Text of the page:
For a while we just drifted along, rocking in the big silence that always follows a motor's shutting down. The rocking was pleasant, complemented by the sailing gulls and the salt smell everywhere. It took me back to those old summer vacations, and the red-nosed uncles, and the weird cousins, and the aunts with their playing cards.
It was only right that my father should get the first strike. He'd paid for the skiff, after all, and he'd just turned 68. His rod bowed suddenly. The line on his light reel, no more than six-pound test, went ripping out at an alarming rate.
"Check your drag," my brother advised him.
My father fumbled with the knob on his reel, loosening it so the line went out more easily, with less resistance. He couldn't afford to apply much pressure, not with such flimsy gear. This put him under stress, because he's a legendarily impatient angler.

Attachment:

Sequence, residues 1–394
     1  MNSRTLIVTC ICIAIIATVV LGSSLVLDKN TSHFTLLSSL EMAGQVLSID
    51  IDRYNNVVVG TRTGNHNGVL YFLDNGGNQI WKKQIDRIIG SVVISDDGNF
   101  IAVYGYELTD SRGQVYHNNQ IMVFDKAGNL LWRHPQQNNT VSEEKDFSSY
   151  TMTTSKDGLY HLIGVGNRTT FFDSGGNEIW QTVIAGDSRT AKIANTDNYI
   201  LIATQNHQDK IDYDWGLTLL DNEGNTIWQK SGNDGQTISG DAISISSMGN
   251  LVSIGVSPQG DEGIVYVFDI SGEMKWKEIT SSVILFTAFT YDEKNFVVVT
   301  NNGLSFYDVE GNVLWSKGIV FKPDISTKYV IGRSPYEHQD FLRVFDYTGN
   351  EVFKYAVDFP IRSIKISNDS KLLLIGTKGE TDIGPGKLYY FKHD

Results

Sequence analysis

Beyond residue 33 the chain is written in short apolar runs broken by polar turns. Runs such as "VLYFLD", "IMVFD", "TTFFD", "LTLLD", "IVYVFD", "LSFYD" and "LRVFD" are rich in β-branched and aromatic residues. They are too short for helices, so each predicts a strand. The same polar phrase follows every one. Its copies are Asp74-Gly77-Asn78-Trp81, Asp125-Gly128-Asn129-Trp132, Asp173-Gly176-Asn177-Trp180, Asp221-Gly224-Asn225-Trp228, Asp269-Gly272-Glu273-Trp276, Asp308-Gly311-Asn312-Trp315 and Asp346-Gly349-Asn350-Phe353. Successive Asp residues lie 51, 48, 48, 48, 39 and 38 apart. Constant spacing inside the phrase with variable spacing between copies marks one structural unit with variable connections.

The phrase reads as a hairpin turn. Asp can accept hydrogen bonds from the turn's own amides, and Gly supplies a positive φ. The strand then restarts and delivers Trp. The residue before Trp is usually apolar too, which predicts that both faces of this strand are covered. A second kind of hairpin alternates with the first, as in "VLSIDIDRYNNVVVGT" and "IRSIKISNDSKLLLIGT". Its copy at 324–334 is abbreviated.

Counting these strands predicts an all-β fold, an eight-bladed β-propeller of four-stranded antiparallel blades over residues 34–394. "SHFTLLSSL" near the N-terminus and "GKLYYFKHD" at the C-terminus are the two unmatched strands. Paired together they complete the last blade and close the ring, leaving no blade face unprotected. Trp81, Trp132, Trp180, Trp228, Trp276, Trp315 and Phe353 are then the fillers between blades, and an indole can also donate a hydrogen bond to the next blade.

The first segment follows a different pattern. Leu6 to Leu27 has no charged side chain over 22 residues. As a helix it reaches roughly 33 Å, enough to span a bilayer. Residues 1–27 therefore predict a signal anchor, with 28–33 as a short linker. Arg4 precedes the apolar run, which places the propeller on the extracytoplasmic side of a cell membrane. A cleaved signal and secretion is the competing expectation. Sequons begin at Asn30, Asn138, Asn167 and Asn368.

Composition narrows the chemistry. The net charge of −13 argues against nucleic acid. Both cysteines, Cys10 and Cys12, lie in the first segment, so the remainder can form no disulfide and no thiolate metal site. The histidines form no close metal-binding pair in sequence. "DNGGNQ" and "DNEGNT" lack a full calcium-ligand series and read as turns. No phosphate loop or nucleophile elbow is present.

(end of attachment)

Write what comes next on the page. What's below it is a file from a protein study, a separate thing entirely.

"Keep your rod high," I told him. "Make the fish work."
"I know what I'm doing," he said sharply.
The fish took out more line; my father got some back. The dance was a classic one—gain and loss, loss and gain. It continued for 20 minutes, until the fish tired and my father was able to lead it slowly to the side of the boat. Again I saw those colors—blue, green, purple—more vibrant than before in the swirling water.
It was a weakie—a broad female full of roe. She had a mottling of dark green along her back. We put her in the cooler.
My father was smiling. He looked about 25. The fish was the biggest he'd caught in years.
Almost immediately the boat rod began hammering against the skiff's gunwales. I grabbed it and set the hook. This fish didn't fight as well, perhaps because of the stiffness of my rod. I brought the fish to net in 10 minutes—another weakie, as brilliant as the first, though maybe smaller. I wished I'd taken it in the surf, on my O'Neill rod and reel. The odds would have been better; the fish might have had a chance.